3. Minimise time watching shows

Source : Daily Mirror

The entertainment industry has managed to convince many that the next new trendy product or the "perfect" body will be all they need to be happy, getting people to focus on trivialities. They keep consumers distracted on unimportant matters like Taylor Swift's spat with Katy Perry, keeping audiences from thinking about important issues that have actual influence on their lives. Case in point, Kim Kardashian has about 49 million hits on Google while Xi Jinping has about 2.5 million hits. 

Of course, watching shows is not inherently bad, the content that you choose to consume also matters. Fundamentally, if you are aware that you spend too much time watching shows, slowly cutting down will be a good idea. Not sure of what to do with the spare time you have? Perhaps consider reading?

I will be attempting a 60 day TV/Netflix fast due to my unhealthy binge-watching habits, starting mid-June. If you are interested in hearing about my journey, do feel free to follow me on Facebook or Twitter for updates.

4. Organise

The best environment for a government to administrate is when the people are segregated and unable to achieve much with the limited resources they each have. Before trade unions came about, individual workers may have been afraid to raise employment issues with the boss. One person would have been easy to ignore and replace, but when the workers organised to form trade unions, the problems became difficult for employers to disregard.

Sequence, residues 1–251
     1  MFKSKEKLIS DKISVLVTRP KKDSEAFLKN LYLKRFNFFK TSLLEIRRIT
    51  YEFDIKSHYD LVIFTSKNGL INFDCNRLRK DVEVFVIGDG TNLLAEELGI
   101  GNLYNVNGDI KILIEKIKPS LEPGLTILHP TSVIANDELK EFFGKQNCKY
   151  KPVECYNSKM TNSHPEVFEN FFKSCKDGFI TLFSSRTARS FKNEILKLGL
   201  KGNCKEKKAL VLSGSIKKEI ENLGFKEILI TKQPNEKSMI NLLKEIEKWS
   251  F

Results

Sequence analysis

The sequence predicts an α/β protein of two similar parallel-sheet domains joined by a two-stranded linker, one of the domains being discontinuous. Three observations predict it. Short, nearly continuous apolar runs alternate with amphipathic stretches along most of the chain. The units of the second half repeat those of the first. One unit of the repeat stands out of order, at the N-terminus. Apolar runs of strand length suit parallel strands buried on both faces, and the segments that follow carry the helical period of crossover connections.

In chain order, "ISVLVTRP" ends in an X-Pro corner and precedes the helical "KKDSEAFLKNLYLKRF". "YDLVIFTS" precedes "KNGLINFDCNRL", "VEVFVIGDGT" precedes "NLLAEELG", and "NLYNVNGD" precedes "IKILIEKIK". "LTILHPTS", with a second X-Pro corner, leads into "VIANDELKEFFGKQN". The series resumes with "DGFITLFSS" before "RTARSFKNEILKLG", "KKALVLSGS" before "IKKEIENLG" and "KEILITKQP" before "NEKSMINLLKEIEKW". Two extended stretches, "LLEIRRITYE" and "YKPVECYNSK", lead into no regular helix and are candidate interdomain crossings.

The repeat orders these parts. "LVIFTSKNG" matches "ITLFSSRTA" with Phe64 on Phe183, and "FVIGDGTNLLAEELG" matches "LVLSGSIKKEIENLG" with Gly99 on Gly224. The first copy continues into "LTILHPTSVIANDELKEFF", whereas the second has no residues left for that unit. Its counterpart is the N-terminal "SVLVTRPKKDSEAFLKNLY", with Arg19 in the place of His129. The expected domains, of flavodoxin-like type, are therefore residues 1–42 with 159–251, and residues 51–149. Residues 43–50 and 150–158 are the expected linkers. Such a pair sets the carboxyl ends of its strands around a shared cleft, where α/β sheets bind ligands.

The internet has become an incredibly convenient platform for people to organise and be heard. Not every cause can gain as much traction as the Women's March or LGBT Pride Month. But at least, uniting with people who face the similar problems can give you a greater chance of being heard while making the journey less lonely. 

5. Political Hypocrisy

Not unlike Orwell's dystopia in 1984, governments can easily ignore or deviate from their previous stances to make themselves look better. A famous case is the usage of brutal and coercive methods in the military detention camp of Guantanamo Bay, going against a core value of America, liberty. Furthermore, in a contradictory attempt to "bring democracy and peace" to Syria, innocent civilian casualties brought about by the US outnumber those caused by ISIS or Russia.

We may not be able to change how governments or politicians act, but being aware of such deception can mean that people begin to choose less unprincipled and dishonest politicians (hopefully they exist).

Source: Quoteswave

If you, dear reader, shall choose only one thing to take away from this, it should be to read more and educate yourselves on different current issues while being critical of everything that you read. Be critical of the information you consume and use the information to make the best choices for yourself and the society.

You don't have to believe my content or trust that my summary is actually an accurate representation of Chomsky's ideas. Do read the book and form your own opinions on it. All in all, I think this book is a good read for anyone who wants to gain a broader perspective on how this world is run.

Kaitlyn Shi
Kaitlyn Shi

Self proclaimed quirky university student in the UK. Comes with an enthusiasm for areas of personal development, philosophy, politics, societal issues, technology and economics. I write about my experiences and things that I have learnt.